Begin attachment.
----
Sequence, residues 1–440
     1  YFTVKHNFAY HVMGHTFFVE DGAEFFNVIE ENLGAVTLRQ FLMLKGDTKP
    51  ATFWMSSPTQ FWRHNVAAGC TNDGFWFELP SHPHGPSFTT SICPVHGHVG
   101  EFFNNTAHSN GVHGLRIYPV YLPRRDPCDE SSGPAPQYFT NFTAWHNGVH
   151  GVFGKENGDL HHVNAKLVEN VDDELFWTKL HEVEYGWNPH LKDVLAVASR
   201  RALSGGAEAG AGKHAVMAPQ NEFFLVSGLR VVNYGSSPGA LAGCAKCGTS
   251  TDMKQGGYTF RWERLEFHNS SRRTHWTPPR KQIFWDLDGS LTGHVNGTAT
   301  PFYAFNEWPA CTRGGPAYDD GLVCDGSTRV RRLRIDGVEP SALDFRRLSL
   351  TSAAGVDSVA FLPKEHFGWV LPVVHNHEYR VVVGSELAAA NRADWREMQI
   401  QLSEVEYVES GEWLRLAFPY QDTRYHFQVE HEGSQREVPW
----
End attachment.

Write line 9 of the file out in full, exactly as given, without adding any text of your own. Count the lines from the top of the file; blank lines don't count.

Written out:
   351  TSAAGVDSVA FLPKEHFGWV LPVVHNHEYR VVVGSELAAA NRADWREMQI